In a spark-shell session, let us create a DataFrame with our list of tickers.

 scala> val df = Seq("FB", "AAPL", "AMZN", "NFLX", "GOOG").toDF("ticker")  

df: org.apache.spark.sql.DataFrame = [ticker: string]
 scala> df.show  

+------+
|ticker|
+------+
|    FB|
|  AAPL|
|  AMZN|
|  NFLX|
|  GOOG|
+------+

Let us then convert each of these rows to a JSON entry:

scala> df.toJSON.show  

+-----------------+
|            value|
+-----------------+
|  {"ticker":"FB"}|
|{"ticker":"AAPL"}|
|{"ticker":"AMZN"}|
|{"ticker":"NFLX"}|
|{"ticker":"GOOG"}|
+-----------------+

These objects are going to end up on the standard input to our Rust program. We don't necessarily need JSON here. With a single field, we could just as well pass each ticker on a line as-is, but in most real-world situations we will likely have more complex records to handle, hence some serialization scheme would be necessary. JSON, while not the fastest, is manageable and well-supported, and its serialization/deserialization time is vastly dominated by any I/O operations anyway.

To query our API for quotes, we're going to need an async executor, an HTTP request library, and a way of serializing and deserializing JSON. Let's rely on tokio, reqwest and serde, respectively.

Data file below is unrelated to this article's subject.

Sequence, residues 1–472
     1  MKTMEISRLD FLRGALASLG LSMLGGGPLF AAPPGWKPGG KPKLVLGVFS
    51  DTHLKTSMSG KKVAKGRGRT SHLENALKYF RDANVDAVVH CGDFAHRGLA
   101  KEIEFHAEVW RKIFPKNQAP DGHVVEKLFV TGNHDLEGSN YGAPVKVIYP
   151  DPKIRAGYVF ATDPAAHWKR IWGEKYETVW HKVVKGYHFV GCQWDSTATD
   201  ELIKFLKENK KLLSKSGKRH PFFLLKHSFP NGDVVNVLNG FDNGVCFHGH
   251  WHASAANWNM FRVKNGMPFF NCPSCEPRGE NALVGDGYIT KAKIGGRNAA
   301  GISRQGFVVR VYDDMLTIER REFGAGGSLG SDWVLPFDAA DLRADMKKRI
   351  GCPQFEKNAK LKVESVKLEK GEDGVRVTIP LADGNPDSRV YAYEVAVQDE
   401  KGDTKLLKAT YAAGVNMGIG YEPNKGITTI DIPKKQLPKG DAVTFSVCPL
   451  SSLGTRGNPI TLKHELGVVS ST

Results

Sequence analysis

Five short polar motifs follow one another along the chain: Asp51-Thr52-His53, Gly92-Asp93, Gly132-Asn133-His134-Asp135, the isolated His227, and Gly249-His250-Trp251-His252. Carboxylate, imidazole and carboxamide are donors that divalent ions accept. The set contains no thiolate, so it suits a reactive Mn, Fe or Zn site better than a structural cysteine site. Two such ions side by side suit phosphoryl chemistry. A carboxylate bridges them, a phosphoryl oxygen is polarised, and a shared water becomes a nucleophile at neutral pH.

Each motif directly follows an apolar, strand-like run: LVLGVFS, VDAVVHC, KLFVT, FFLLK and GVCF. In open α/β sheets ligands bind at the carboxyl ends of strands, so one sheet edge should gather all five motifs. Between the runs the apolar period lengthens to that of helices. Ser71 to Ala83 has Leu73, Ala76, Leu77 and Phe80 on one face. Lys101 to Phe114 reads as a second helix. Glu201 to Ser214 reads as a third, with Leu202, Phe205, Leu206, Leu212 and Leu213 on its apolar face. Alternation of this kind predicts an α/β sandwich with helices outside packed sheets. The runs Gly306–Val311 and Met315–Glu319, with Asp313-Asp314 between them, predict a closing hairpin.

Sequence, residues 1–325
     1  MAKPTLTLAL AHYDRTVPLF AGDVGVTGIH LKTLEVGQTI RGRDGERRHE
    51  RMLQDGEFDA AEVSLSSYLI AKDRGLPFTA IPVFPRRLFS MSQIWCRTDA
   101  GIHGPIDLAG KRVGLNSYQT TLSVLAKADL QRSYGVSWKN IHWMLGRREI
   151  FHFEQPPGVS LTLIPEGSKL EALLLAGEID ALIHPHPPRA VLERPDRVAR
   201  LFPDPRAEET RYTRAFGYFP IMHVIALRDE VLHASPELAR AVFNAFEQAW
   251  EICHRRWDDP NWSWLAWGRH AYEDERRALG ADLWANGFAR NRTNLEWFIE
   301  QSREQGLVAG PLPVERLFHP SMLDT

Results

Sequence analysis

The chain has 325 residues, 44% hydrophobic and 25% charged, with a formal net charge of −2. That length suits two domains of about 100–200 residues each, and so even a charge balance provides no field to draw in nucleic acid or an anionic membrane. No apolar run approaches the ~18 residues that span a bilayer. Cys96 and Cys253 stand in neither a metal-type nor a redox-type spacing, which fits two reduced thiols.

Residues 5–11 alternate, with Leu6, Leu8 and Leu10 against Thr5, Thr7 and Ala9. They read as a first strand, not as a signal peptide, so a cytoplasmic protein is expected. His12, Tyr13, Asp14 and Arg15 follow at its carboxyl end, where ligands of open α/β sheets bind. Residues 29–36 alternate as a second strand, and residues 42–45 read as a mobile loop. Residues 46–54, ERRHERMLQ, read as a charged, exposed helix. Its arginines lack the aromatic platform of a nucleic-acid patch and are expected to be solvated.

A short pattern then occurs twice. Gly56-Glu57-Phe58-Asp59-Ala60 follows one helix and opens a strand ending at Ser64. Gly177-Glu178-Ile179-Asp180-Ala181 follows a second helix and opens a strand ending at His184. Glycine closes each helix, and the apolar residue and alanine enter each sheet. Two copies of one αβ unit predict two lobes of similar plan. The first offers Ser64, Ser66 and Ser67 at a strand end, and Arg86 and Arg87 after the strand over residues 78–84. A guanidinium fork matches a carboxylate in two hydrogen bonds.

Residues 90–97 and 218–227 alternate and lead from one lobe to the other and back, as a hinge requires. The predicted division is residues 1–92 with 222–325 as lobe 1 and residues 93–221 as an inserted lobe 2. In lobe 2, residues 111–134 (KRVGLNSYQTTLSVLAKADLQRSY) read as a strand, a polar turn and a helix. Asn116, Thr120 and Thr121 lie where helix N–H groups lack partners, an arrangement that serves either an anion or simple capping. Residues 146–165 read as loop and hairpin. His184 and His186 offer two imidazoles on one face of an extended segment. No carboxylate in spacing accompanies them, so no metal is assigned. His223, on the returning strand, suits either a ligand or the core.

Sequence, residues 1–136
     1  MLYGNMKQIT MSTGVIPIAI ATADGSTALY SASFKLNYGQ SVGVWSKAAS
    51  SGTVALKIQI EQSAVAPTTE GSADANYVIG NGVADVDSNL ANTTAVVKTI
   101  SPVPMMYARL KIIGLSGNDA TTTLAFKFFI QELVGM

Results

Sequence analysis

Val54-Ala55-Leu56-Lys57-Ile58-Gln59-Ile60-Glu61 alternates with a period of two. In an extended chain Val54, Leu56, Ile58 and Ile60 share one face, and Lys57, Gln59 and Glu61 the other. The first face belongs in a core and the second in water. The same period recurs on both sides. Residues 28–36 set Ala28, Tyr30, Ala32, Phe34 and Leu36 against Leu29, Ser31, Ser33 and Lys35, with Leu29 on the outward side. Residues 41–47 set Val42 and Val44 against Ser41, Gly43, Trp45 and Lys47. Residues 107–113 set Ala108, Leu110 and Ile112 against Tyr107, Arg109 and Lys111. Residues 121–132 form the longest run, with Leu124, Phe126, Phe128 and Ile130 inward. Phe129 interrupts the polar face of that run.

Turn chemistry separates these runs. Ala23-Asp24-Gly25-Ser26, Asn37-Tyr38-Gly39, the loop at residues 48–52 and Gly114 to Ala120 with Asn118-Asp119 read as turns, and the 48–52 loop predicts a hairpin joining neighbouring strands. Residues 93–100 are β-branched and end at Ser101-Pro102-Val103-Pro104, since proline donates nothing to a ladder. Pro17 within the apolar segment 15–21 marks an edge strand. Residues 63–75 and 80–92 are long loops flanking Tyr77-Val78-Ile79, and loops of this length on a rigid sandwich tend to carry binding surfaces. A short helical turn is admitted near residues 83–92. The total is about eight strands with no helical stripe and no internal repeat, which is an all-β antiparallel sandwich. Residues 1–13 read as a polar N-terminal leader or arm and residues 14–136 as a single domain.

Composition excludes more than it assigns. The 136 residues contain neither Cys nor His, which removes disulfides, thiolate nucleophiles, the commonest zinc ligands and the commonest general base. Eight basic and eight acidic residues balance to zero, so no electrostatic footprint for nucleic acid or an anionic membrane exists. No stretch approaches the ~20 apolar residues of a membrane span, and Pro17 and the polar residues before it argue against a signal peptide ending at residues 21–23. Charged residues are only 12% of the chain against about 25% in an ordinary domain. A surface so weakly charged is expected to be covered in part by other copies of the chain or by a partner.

[dependencies]
tokio = { version = "1.10.0", features = ["full"] }
reqwest = { version = "0.11.4", features = ["json"] }
serde = { version = "1.0.130", features = ["derive"] }
serde_json = "1.0.67"

Our Rust program will have a very simple structure. It is enough to stitch together calls to our dependencies in a read from stdin, deserialize, query, serialize, print to stdout loop, which will end once we have an EOF on the standard input.


#[derive(serde::Deserialize)]
struct Input {
    ticker: String,
}

#[derive(serde::Serialize)]
struct Output {
    ticker: String,
    open: f64,
    high: f64,
    low: f64,
    close: f64,
    volume: u64,
}

async fn query_api(line: String) -> Output {
    let input = serde_json::from_str::<input type="text">(&line).unwrap();
    reqwest::get(format!("API URI here! {}", input.ticker))
      .await
      .unwrap()
      .json::<output>()
      .await
      .unwrap()
}

#[tokio::main]
async fn main() {
    for line in std::io::stdin().lock().lines() {
        if let Ok(line) = line {
            println!(
                "{}",